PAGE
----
Saving Lives at Ground Zero: Containing Disease

How to stay safe and isolate any threat when dealing with disease at Ground Zero.
Ground Zero Disease SEDGE Spring 2015
The Centers for Disease Control and Prevention (CDC) and the World Health Organization (WHO) are generally recognized as the experts at managing the spread of infectious diseases.

Thanks to the modern-day plague that is Ebola, terms like personal protective equipment, contact tracing, donning and doffing have infused the popular lexicon. Man on his worst day cannot kill as efficiently as Mother Nature, and pandemic disease has served to thin humanity’s ranks cyclically for as long as we have maintained records.

The key to success when dealing with infectious agents like avian flu, smallpox or Ebola is simply not to get any of it on you. No matter how a disease is transmitted, separating health care workers from the pathogens they strive to eradicate is the key to treatment and survival.

Staying Safe

The Centers for Disease Control and Prevention (CDC) and the World Health Organization (WHO) are generally recognized as the experts at managing the spread of infectious diseases. The guidance these two organizations issue concerning what equipment to use and how to employ it evolves as we learn more about the microbiological enemies that are bent upon our destruction. In the case of exceptionally deadly pathogens like Ebola, little is left to chance.

The goal is to protect all exposed skin with an impermeable material that serves as an effective barrier to contact. As most infections occur when the gear is being doffed (removed), proper training and supervision in the use of this personal protective gear is as important as the nature of the gear itself.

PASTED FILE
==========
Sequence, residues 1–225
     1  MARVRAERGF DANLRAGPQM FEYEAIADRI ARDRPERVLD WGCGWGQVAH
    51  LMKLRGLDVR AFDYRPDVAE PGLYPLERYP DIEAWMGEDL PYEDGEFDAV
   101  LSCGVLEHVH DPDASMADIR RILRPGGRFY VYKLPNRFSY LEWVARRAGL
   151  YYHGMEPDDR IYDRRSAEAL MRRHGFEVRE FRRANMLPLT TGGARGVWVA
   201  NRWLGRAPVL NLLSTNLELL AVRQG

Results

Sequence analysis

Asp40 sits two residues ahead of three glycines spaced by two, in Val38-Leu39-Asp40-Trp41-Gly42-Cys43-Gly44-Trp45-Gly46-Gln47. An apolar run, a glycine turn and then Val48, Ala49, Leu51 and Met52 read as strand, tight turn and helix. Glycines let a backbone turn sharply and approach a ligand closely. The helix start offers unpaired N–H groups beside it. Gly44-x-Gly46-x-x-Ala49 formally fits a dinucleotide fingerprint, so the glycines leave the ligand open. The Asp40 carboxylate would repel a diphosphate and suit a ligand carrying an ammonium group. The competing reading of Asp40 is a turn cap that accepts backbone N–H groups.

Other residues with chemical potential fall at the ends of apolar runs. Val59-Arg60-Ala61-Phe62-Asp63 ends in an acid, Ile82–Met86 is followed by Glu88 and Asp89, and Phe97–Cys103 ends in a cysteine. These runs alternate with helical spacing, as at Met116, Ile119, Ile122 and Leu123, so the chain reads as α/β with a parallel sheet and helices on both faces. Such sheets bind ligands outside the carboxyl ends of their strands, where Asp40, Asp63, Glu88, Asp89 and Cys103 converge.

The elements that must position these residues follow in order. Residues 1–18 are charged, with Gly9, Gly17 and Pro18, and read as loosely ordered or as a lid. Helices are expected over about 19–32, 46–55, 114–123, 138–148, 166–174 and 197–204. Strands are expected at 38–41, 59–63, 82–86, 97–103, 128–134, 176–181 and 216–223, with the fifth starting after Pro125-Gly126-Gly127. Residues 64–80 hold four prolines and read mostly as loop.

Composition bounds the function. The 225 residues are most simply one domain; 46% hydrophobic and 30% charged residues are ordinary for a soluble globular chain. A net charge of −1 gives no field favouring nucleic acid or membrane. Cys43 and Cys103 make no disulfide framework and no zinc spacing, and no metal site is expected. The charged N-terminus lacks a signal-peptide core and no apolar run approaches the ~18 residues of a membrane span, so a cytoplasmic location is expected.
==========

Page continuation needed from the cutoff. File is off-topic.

Starting at the top, the CDC recommends the use of a Powered Air Purifying Respirator (PAPR) with a full face shield, helmet or headpiece. Any reusable helmet or headpiece must be covered with a disposable hood that extends down past the shoulders and fully covers the neck. An N95 single-use disposable respirator with a face shield and disposable hood is a less expensive option, though there is greater danger of health care workers attempting to adjust this device during patient care and risking subsequent contamination.

A single-use, fluid-resistant or impermeable gown that extends at least to mid calf or comparable disposable medical coveralls should also be worn. Gowns or coveralls with thumb hooks are preferable as they keep the sleeves secure beneath the first pair of gloves. Surgical tape may be used for this purpose in the absence of thumb hooks, but experience has shown this to be a potential source of contamination during the doffing process.

Disposable nitrile gloves should be worn in two layers. The top layer should include extended cuffs, and sleeves should be secured to the inner layer. Single-use, fluid-resistant or impermeable shoe covers should be worn that extend at least to mid calf, and attention should be paid to slip-and-fall precautions in the presence of bodily fluids.

A single-use impermeable apron that covers the torso to the level of the mid calf should be worn in the presence of vomit or diarrhea for additional protection. If using a PAPR, the apron should secure behind the neck to facilitate easy removal.

Isolate The Threat

Nothing should be left to chance. Undergarments should be standardized and limited to surgical scrubs for easy access and management. Donning and doffing procedures should be undertaken at a measured pace to minimize the risk of mistakes. Jewelry, rings and watches should be removed to minimize the risk of inadvertent contamination.

While these procedures were developed in response to the Ebola crisis, they should be comparably effective for health care workers dealing with any other severely contagious or potentially catastrophic infectious diseases. Mother Nature surprises us regularly with her creative capacity to kill, and it is through being proactive and methodical that we stay one step ahead of her destruction.